Deciphering Skin Care Labels

Feel like you need to be a chemist to read and understand most skin care labels?

Join the crowd. More and more consumers are concerned about what’s in their cosmetics.

They’ve become label readers because they want to make safe choices for themselves and their families.

But they sometimes need help deciphering the alphabet soup of chemicals in mainstream skin care.

I’m here to help. A former newspaper reporter with exceptional research skills, I’m writing a weekly blog that will help identify common cosmetic ingredients – good and bad – to help you become better informed.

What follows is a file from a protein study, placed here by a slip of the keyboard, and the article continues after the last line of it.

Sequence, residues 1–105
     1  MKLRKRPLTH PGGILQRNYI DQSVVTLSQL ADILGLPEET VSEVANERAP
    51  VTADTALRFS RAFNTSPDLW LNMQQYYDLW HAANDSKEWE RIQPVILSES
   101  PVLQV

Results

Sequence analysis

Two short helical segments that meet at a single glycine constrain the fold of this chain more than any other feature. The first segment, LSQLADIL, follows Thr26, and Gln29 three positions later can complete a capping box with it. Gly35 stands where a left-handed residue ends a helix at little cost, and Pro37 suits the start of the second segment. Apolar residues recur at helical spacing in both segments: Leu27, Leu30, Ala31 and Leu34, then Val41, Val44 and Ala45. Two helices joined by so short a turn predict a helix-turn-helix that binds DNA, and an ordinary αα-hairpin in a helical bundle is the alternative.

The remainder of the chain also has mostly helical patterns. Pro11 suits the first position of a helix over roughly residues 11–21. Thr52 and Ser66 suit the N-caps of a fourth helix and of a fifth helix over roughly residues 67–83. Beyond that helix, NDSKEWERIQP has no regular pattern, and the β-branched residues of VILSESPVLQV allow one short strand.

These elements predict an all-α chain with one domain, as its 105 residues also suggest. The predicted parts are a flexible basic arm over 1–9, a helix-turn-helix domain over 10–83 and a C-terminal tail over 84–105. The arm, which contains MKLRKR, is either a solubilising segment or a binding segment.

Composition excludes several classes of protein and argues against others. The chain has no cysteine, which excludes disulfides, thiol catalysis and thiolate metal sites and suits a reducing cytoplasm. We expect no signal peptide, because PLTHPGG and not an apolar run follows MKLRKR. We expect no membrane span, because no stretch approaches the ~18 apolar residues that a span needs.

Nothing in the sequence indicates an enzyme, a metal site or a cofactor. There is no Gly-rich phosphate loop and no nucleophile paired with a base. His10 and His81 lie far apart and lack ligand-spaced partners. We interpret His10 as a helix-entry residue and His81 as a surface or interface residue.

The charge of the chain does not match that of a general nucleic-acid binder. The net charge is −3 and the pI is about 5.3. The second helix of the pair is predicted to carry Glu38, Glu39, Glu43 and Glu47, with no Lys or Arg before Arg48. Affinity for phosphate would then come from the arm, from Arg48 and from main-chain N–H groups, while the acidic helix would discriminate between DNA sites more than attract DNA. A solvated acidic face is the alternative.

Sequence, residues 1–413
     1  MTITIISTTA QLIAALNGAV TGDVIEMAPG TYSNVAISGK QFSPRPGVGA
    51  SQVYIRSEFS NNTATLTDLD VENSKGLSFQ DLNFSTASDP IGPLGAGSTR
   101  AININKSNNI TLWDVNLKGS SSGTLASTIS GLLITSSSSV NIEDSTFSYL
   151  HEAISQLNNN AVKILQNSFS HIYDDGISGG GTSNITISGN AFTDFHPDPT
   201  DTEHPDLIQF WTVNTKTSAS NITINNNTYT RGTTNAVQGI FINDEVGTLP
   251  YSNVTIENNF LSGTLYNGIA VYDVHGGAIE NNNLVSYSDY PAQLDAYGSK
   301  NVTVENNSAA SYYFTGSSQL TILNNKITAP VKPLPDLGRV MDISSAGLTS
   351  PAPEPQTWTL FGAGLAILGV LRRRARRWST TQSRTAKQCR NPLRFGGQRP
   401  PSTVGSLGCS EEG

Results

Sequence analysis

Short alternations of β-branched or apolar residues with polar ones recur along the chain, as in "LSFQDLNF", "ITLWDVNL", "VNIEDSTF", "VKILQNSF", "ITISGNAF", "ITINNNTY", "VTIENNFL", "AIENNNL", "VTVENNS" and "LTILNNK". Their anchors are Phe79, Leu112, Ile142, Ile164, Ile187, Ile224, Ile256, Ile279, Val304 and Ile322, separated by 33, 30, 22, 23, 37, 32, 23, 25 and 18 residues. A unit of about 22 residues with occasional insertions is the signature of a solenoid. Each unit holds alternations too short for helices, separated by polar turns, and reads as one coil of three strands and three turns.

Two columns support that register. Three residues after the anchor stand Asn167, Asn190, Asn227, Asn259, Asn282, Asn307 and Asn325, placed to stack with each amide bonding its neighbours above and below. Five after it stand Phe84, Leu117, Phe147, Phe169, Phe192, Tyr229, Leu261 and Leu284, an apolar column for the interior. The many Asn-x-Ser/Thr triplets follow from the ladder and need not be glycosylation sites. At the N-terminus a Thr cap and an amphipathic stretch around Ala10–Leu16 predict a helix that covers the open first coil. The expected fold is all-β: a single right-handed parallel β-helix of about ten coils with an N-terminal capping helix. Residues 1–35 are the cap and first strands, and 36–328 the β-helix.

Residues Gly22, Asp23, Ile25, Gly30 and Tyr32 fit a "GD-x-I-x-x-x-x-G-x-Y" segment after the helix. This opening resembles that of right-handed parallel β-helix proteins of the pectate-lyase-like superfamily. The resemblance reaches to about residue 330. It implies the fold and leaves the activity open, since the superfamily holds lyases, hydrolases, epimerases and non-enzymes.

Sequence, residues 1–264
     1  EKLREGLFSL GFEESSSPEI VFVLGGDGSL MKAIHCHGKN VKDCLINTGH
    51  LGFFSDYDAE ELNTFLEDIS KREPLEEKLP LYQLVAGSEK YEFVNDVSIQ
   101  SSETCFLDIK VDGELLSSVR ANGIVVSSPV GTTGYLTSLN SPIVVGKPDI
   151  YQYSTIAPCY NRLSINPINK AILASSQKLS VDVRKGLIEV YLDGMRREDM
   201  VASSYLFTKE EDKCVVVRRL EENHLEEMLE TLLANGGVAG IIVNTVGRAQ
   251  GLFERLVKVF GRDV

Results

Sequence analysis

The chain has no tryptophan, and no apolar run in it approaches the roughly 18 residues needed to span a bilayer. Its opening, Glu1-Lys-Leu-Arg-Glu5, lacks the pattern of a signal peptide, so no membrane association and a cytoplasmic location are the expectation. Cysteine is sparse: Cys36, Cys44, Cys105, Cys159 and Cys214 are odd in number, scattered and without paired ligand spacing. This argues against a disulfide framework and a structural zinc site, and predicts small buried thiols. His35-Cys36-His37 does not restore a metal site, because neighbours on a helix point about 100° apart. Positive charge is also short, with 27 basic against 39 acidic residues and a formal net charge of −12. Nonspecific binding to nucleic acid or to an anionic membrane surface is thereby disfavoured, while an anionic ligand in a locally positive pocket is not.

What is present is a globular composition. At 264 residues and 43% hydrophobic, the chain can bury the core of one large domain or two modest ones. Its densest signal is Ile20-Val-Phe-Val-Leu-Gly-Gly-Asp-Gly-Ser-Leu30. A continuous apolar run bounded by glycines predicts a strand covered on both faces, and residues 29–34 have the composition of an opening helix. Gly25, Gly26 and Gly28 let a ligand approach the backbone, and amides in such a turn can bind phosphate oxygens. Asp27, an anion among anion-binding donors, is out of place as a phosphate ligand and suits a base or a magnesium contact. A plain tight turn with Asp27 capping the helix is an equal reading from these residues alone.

Here’s our ingredient of the week:

Imidazolidinyl Urea

  • Used as an anti-microbial agent, it’s often combined with parabens and is commonly found in mainstream cosmetics.
  • It’s rated a 5 (moderate hazard) by the Skin Deep Cosmetics Database, a service provided by the Environmental Working Group.
  • Imidazolidinyl urea releases formaldehyde into cosmetics. In water-based products like shampoos, the formaldehyde increases with a rise in pH, temperature and storage time. (National Toxicology Program/ National Institutes of Health).
  • Cosmetics with imidazolidinyl urea often remain on the skin for hours, allowing time for absorption. Repeated use could result in chronic exposure. (National Toxicology Program/ National Institutes of Health.

                        Note: Imidazolidinyl urea is not used in any Second Nature Skin care products.

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